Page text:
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Flashes Fighting Hunger takes on food insecurity

Bristol Lily
Volunteers sort through items on Feb. 9, 2024, at the Flashes Fighting Hunger pantry in the Tai-towers rotunda.

Normally the university is against fighting, except when it comes to the fight against hunger.

Since 2017, the university has operated Flashes Fighting Hunger, a food pantry for students and community members.

Flashes Fighting Hunger sets up twice a week in the Tri-towers rotunda, and students can visit once each week. Receiving help is as simple as filling out a form, scheduling an appointment or doing a drop-in visit. The pantry provides students with basic items such as bread, fruits, vegetables, canned goods, spices and toiletries.

While Flashes Fighting Hunger only served a few dozen people when it first opened on campus, this grew to 2,046 people in 2023. Not only has Flashes Fighting Hunger grown in the number of people served, but it also helped other pantries, such as the CARES Center, provide alternative pantry options for students and the community.

The food pantry thrives off of donations, student support and the common goal of ending food insecurity.

“Partnership with the Akron-Canton Regional Food Bank has been really helpful in us being able to meet the needs,” said Amanda Paulus, the senior director of Community Engaged Learning.

Paulus also said some donations come from local businesses, a partnership with Trader Joe’s in Woodmere, Ohio, and the university’s dining services.

“This is food that serves a purpose by nourishing bodies and not ending up in a landfill,” Paulus said.

With shelves stocked, there was one last hurdle that Flashes Fighting Hunger had to take on: Who will distribute the food? The simple answer was students.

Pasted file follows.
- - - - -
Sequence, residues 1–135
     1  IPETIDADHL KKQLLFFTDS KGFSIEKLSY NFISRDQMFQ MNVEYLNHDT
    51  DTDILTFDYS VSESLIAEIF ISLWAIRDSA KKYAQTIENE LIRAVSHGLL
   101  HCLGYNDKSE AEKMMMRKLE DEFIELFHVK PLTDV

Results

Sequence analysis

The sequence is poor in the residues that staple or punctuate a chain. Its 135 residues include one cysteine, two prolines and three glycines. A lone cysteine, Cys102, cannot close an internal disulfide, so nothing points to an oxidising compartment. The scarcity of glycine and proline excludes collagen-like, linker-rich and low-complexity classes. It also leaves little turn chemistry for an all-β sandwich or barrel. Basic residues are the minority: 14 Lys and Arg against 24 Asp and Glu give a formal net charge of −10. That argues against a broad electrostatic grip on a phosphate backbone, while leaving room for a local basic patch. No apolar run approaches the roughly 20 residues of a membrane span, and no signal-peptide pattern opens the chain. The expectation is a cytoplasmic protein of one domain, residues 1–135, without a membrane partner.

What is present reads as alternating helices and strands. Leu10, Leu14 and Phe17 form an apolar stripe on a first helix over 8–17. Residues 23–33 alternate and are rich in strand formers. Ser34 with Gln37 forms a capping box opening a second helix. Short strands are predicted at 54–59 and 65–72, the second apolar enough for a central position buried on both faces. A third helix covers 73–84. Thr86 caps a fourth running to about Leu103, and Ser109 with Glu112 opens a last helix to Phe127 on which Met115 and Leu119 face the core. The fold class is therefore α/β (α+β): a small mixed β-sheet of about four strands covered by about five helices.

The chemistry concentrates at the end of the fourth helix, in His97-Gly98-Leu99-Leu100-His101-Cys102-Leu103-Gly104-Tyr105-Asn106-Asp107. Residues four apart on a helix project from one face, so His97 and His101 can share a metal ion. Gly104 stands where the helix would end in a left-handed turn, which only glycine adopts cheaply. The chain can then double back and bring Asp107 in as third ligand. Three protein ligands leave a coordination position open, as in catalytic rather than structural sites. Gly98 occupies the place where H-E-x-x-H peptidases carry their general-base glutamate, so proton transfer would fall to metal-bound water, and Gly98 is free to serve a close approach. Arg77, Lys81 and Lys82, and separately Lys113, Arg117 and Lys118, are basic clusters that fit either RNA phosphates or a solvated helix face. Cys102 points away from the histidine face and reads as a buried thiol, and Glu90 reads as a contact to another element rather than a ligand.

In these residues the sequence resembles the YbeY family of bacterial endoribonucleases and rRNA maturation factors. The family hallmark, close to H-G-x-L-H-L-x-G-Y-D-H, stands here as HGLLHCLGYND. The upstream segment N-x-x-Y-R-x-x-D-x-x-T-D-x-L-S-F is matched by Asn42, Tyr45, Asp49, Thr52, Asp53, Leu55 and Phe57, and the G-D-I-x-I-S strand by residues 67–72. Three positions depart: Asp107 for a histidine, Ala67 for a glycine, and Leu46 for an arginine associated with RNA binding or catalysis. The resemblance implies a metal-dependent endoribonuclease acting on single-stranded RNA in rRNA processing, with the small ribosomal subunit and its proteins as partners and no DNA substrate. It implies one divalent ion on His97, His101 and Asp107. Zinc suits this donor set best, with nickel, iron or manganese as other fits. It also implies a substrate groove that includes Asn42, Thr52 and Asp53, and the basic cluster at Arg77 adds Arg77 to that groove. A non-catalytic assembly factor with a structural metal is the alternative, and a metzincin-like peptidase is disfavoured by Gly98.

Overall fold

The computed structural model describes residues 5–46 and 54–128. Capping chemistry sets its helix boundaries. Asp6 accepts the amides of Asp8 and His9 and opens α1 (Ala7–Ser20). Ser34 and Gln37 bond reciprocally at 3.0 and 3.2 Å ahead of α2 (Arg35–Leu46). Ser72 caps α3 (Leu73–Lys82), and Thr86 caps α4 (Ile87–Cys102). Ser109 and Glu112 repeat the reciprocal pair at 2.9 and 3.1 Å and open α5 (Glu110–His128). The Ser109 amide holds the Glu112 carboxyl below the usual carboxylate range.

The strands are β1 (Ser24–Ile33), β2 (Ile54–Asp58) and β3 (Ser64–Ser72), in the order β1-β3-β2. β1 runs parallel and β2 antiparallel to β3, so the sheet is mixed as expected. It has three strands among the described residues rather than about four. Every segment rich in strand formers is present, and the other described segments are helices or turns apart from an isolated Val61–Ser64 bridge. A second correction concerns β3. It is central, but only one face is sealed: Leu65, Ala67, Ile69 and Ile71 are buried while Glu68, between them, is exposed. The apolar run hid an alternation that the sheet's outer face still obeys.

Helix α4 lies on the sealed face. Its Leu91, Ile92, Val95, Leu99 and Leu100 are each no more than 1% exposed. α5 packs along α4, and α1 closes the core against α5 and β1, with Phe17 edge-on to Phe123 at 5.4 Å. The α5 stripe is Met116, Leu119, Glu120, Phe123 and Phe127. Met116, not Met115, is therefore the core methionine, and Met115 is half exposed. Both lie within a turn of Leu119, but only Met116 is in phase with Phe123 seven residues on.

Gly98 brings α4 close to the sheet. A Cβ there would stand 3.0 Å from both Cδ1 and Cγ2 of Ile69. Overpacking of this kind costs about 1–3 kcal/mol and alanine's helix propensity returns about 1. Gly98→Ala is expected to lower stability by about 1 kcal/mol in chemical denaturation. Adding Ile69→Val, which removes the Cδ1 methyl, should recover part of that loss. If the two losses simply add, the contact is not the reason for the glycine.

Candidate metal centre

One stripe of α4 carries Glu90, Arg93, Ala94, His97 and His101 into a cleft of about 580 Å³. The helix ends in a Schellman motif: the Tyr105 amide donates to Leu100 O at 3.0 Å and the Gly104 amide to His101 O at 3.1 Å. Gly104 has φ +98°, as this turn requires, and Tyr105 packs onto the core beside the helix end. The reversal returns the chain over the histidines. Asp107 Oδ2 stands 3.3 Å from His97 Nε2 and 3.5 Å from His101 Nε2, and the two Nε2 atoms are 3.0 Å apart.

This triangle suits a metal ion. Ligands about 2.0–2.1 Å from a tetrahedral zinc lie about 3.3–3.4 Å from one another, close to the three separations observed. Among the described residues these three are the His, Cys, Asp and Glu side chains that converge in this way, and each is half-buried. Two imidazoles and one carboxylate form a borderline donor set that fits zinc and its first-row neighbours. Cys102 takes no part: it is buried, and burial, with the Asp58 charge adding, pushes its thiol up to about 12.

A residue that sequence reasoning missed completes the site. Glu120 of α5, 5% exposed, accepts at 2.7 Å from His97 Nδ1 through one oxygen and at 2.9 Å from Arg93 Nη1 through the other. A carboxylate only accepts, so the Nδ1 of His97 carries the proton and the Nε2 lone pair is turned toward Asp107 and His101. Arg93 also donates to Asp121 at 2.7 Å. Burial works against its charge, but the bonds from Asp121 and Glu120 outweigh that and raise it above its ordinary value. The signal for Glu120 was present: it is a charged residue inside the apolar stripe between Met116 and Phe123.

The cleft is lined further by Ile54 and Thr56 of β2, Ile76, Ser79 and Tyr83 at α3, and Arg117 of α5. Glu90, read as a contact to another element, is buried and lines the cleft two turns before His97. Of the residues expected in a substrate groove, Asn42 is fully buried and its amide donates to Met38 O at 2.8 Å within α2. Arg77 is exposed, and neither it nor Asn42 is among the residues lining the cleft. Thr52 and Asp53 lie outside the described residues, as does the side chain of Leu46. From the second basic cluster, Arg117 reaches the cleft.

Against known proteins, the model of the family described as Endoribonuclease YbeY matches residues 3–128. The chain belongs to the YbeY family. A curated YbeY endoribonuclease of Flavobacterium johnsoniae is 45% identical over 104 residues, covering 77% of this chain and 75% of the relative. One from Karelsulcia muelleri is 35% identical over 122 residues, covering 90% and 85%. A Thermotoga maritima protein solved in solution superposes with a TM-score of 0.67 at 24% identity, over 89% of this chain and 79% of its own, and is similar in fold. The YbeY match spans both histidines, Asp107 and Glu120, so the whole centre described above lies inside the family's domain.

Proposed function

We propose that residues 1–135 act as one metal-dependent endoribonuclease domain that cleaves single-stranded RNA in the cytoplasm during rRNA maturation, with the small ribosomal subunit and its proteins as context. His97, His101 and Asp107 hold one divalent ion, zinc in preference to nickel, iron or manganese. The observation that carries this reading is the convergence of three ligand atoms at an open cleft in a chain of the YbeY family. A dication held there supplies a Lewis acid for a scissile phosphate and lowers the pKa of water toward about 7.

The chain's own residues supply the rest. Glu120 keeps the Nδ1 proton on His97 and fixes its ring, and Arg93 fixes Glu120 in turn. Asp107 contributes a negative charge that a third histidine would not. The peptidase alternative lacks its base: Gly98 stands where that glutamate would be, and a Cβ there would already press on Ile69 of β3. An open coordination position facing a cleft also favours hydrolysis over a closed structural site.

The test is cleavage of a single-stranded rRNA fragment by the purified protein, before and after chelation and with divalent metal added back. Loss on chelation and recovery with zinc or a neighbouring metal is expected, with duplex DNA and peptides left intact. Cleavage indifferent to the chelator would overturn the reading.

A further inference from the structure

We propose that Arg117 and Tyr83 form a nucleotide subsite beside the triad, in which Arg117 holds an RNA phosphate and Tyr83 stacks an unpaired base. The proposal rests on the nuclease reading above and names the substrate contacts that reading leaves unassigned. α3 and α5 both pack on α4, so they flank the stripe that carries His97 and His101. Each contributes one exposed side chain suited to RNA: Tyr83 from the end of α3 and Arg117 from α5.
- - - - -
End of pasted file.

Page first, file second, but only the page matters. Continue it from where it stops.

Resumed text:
In 2023, “students served 12,400 guests at our pantry program,” Paulus said. She added that students also served over 1,000 hours that year.

“I feel like working at the food pantry is very fulfilling for me,” said Kalena Speicher, an AmeriCorps member within Community Engaged Learning. “Seeing the reactions of our patrons and just hearing their stories really makes what we do worth it.”

With the pantry receiving so much food, not all of it gets consumed on campus. The pantry donates some of its surplus food to organizations like Kent Social Services and Kentway Apartments. 

In 2023, the pantry brought in 152,223 lbs of food, and of this food 1.64% was said to be food waste. This food waste was often donated to local farms and used to feed animals, Paulus said. 

For more information on Flashes Fighting Hunger and its services click here.

Bristol Lily is a reporter. Contact them at [email protected].

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    L.ChananaFeb 23, 2024 at 6:41 pm

    GREAT article! My child volunteers weekly for this very worthwhile program for the past 3 yrs. FFH always welcomes anyone to help get the word out of this great resource on campus as many still don’t know about it.